When cluttered living turns into hoarding

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Valerie Lambros

There are probably many of us who have homes or offices that are less neat than we’d like them to be. Maybe there are piles of papers, files or books that we put off sorting because we’ve grown accustomed to them, and they don’t interfere with our daily routines.

This tendency is common and rarely cause for concern. Unfortunately, for some people the accumulation of stuff can develop into a more advanced state of clutter, turning a few piles into roomfuls of belongings that get in the way of living life. These people suffer from hoarding.

Hoarding is defined as the acquisition of, and failure to discard, a large number of possessions that invade living spaces in such a way that people can no longer live normally in them

Hoarding is estimated to affect between 2 and 5 percent of the population and is more prevalent in seniors. Scientists have found that the onset of hoarding typically occurs between 11 and 15 years of age, but does not reach significant levels until later in life.

Can be life-threatening

“Hoarders can collect all measure of things, and many times doorways will be blocked, windows will be blocked. This condition can be life-threatening, particularly if someone had to get out of the house quickly,” said Randy Frost, a Smith College professor and expert on hoarding. “Piles of papers near a stove, for instance, are a fire hazard,” he added.

A frequent feature of these cluttered homes, he said, is the presence of what some call “goat paths” — narrow aisles that navigate through the mountains of stuff.

An inability to clean, dust and vacuum can lead family members to suffer acutely from dust and mold allergies.

Most people might think the easy fix to hoarding is to have someone come in and throw everything out, but anyone who’s watched one of the popular television programs dedicated to this topic, such as “Hoarding: Buried Alive,” knows it’s not that simple. The people who hoard don’t often see the problem. 

There is resistance, denial and bargaining. The process frequently becomes emotional, with tears and anger a typical outcome.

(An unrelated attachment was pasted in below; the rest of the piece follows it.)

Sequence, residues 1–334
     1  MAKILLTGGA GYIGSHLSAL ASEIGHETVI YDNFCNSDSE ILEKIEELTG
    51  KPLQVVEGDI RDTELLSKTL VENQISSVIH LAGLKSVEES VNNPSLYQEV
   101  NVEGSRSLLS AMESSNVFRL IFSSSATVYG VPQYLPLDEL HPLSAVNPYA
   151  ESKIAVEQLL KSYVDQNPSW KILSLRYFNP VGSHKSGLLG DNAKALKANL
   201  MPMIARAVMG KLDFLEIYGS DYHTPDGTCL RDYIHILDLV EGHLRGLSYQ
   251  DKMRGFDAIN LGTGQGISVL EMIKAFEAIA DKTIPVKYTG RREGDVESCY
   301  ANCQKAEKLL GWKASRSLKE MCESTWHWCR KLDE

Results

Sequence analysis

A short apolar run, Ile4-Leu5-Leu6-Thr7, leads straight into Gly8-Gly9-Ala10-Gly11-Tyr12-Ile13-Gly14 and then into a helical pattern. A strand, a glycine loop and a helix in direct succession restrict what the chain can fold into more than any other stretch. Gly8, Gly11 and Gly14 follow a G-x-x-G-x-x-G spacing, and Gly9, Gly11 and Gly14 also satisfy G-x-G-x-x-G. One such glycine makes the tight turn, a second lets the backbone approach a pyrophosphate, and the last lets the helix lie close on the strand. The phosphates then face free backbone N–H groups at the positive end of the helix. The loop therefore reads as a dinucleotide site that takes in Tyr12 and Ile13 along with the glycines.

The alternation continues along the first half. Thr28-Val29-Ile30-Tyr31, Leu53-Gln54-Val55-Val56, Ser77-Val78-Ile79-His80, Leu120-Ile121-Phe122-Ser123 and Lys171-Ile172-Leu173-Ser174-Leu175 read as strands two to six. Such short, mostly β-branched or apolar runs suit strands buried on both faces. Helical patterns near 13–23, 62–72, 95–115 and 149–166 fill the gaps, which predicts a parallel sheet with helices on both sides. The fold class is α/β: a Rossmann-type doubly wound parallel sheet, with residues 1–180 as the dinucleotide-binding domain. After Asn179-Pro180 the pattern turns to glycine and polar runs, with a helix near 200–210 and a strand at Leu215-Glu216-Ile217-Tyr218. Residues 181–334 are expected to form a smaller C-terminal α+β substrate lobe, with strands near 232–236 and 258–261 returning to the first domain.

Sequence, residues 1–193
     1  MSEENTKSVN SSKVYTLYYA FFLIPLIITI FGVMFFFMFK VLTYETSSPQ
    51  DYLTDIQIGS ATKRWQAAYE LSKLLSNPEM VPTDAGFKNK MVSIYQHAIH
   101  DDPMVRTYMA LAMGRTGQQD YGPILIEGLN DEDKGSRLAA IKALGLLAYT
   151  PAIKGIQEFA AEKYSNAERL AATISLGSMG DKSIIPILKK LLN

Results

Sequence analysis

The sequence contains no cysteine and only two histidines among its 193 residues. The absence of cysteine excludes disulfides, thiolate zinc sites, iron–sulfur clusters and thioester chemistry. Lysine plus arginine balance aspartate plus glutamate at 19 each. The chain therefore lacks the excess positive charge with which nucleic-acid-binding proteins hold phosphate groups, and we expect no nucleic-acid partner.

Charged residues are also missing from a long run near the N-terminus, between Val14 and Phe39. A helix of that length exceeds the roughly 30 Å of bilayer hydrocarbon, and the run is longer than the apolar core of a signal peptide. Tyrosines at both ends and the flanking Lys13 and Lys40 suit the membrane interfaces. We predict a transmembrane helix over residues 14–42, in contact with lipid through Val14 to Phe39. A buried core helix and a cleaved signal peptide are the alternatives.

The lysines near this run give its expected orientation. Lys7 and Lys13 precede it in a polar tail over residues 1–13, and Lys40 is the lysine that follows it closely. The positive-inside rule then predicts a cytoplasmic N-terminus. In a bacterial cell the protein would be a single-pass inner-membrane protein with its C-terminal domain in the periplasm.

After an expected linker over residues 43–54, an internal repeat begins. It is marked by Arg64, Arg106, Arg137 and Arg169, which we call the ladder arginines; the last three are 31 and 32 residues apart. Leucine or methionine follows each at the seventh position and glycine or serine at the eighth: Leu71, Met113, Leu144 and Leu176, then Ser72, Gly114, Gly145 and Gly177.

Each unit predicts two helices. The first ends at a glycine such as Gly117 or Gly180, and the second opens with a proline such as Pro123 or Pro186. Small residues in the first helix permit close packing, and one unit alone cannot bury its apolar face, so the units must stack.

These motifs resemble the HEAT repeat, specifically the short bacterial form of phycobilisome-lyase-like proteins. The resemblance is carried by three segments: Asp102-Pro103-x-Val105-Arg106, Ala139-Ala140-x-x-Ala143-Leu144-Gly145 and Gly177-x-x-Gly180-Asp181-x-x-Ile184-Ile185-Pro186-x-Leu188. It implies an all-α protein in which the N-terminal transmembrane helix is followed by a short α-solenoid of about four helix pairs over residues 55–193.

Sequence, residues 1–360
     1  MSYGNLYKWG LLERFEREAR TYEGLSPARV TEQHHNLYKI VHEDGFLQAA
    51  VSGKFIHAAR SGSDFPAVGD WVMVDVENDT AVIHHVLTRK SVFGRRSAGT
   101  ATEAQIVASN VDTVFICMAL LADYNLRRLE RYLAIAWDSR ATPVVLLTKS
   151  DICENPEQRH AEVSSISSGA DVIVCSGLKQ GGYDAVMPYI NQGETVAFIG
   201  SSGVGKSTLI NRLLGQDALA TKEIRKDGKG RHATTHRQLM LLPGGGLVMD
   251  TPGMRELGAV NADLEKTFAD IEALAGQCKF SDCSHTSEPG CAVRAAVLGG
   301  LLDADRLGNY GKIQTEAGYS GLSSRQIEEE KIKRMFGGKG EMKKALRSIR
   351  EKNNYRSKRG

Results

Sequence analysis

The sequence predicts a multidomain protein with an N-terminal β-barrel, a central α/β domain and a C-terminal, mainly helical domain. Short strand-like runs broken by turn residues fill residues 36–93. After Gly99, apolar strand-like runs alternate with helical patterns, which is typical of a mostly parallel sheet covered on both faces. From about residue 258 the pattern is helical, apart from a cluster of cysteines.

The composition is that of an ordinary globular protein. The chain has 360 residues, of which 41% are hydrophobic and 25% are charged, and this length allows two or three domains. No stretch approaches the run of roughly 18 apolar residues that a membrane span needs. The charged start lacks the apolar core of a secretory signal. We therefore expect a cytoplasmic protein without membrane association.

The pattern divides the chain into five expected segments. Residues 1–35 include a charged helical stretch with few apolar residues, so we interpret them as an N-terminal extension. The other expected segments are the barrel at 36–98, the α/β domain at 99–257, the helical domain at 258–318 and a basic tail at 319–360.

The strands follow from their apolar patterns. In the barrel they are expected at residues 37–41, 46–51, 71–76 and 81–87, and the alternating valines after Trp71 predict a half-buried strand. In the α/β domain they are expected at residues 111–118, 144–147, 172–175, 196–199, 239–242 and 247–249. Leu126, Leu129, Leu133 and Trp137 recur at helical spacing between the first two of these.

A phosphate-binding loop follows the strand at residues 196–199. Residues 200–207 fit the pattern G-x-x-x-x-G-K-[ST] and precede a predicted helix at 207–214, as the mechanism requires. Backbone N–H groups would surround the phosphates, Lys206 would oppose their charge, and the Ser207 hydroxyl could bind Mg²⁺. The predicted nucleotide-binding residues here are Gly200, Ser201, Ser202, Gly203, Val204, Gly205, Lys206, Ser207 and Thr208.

“When others clean up after them, they feel as though they are losing things of value, even parts of themselves,” Frost said. “One person said, ‘If I throw away too much, there will be nothing left of me.’”

While hoarding does share some traits with obsessive-compulsive disorder (OCD), the overlap isn’t exact and many people who hoard display characteristics that differ from OCD.

For example, researchers have reported that while there are few differences in memory or problem-solving between hoarders and control subjects, hoarders often performed much worse on matters relating to attention span and decision-making

Because hoarding is mostly hidden behind closed doors, few are aware of the condition’s prevalence. Little attention has been given to the disorder until recently.

Hoarding is not currently included in the Diagnostic and Statistical Manual of Mental Disorders published by the American Psychiatric Association, but there is talk of adding it to the latest edition of the book. The inclusion of hoarding might open more doors to study the disorder, scientists say.

Treatments exist

Treatments for the condition are lengthy and difficult.

“We face a great deal of treatment refusal and dropout, low insight into the problem, and limited cooperation during treatment,” said Dr. Gail Steketee, dean and professor at Boston University’s School of Social Work.

A National Institutes of Mental Health study found there is hope in using cognitive behavioral therapy (CBT), particularly when it includes specialized components designed for hoarding, such as motivational interviewing, organizing and decision skills training, and practice discarding and not acquiring.

“While standard therapy doesn’t work, specialized CBT makes a dent,” Steketee said. “And group treatments provide [patients] with an instant, built-in support system. The therapy turns into something they look forward to.”

For more information on hoarding, see Frost and Steketee’s book Stuff: Compulsive Hoarding and the Meaning of Things, published earlier this year. Also visit the International OCD Foundation’s Hoarding Center at www.ocfoundation.org/hoarding.

This article is excerpted from the newsletter “NIH Record,” published by the National Institutes of Health.